Phoenix is making progress in complying with a court order to close a large homeless encampment known as The Zone, but it will take more time to clear, clean and keep people from setting up tents again in the area, a lawyer representing the city said at a trial Monday.

Attorney Justin Pierce said during opening statements that portions of the encampment on the edge of downtown Phoenix have been cleared since a judge declared the area to be a public nuisance, but other blocks still need to be addressed. He said the process takes time, including making sure those who live there have somewhere else to go.

The city is developing a space nearby with tents and temporary restroom facilities as an alternative, has increased the number of police officers working in the area and has nearly tripled its funding on confronting issues of homelessness, Pierce said. We cant simply wave a magic wand and have it all be gone, Pierce said. We have to go through a process.

The purpose of the trial is to examine the citys efforts to comply with a March 27 order that concluded the city had stopped enforcing certain laws in the area and required the city to lessen the public nuisance.

Ilan Wurman, a lawyer representing property owners and residents who sued the city over the encampment, told the judge that the city is responsible for the public nuisance by allowing people to set up tents on city property.

Wurman argued that a court order for the campground that’s being developed nearby to ensure streets are clean and that tents arent pitched on streets that have already been cleared.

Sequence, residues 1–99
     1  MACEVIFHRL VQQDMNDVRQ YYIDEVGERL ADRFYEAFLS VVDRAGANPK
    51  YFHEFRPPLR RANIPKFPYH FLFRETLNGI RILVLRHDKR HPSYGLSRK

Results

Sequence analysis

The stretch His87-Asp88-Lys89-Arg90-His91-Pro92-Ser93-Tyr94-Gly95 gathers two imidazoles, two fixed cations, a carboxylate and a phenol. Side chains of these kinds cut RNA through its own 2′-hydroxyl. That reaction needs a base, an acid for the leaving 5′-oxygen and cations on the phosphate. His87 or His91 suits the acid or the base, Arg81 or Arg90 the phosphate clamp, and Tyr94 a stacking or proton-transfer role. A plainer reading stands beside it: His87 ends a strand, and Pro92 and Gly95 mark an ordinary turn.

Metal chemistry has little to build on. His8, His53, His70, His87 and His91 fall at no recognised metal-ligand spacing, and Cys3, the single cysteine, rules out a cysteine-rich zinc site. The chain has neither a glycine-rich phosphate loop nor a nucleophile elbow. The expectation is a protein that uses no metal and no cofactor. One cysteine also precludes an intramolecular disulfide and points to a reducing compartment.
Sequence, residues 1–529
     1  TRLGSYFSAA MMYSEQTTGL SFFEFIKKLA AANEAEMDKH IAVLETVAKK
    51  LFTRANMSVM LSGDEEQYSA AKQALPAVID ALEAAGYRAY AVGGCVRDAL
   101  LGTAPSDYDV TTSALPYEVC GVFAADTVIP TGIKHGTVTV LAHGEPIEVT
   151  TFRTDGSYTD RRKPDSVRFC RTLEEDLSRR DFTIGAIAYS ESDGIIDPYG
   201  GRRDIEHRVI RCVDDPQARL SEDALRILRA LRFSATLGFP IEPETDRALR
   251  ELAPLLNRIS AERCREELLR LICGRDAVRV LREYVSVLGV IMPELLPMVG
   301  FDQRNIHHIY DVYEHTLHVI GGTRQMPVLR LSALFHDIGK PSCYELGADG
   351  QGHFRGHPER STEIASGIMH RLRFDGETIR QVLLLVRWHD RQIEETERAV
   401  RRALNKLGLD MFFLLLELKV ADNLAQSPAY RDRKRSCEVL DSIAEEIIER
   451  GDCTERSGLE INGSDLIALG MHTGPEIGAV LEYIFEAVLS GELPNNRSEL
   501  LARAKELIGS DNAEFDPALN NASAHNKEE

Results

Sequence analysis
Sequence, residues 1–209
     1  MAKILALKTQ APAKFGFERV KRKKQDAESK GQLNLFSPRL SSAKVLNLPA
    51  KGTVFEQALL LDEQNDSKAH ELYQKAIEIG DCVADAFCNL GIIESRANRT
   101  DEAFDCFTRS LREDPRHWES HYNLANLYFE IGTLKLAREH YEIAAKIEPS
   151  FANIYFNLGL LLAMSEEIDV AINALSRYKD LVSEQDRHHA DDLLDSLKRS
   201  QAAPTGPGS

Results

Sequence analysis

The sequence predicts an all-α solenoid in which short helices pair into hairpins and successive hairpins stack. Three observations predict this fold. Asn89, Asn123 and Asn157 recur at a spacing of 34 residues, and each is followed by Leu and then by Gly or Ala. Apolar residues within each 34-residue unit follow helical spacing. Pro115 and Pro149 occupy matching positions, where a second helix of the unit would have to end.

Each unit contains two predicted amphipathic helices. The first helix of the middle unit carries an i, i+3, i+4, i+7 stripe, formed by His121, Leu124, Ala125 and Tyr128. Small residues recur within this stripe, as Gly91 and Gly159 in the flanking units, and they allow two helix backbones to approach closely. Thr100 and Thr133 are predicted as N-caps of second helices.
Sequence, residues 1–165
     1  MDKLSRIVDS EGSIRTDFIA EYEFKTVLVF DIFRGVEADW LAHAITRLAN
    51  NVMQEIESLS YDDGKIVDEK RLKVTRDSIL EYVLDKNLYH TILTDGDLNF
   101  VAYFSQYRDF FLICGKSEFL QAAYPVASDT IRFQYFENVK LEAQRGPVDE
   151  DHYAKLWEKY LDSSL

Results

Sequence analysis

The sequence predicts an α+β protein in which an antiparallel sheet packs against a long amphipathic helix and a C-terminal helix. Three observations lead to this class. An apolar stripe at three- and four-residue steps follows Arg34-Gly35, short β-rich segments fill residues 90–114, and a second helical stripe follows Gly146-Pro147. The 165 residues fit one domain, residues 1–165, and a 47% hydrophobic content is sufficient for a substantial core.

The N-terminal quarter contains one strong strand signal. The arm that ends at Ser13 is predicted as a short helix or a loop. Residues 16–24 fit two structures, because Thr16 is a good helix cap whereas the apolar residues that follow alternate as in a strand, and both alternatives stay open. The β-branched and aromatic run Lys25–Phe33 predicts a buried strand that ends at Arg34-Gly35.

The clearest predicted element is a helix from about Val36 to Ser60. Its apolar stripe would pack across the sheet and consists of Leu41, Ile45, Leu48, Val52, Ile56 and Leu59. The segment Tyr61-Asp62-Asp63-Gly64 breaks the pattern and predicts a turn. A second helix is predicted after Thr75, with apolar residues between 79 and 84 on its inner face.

One of Wurmans clients, warehouse owner Ian Francis Likwarz, testified that he has had problems with people using the bathroom outdoors and doing drugs around his business. He said the nuisance hasnt been lessened. The city is dragging their feet, Likwarz said.

In the March decision, Judge Scott Blaney sided with business owners and residents. He found that while the city was following a law against criminalizing public camping, it arbitrarily enforced others despite health and safety risks. Those who filed the lawsuit described having to witness drug activity, lewd acts and other criminal activity in front of their door or steps away from their property.

Like several other major cities, Phoenix has had to balance the concerns of employers and homeowners with respecting the rights of homeless people.

The U.S. 9th Circuit Court of Appeals ruled in 2019 that homeless people cannot be criminalized for sleeping outside if no alternatives exist.

This civil suit is one of two facing Phoenix.

The American Civil Liberties Union of Arizona argued in a federal lawsuit that the city is violating the constitutional rights of unhoused people by slowly clearing the area.

U.S. District Court Judge G. Murray Snow, however, declined the ACLUs request in May to declare Phoenix in contempt of a ruling he issued in December. Snow said he would not bar the city from further cleanups at the encampment site pending another hearing.

In the December ruling, Snow ordered the city to refrain from enforcing camping and sleeping bans against people who cannot obtain shelter, nor can their property be seized.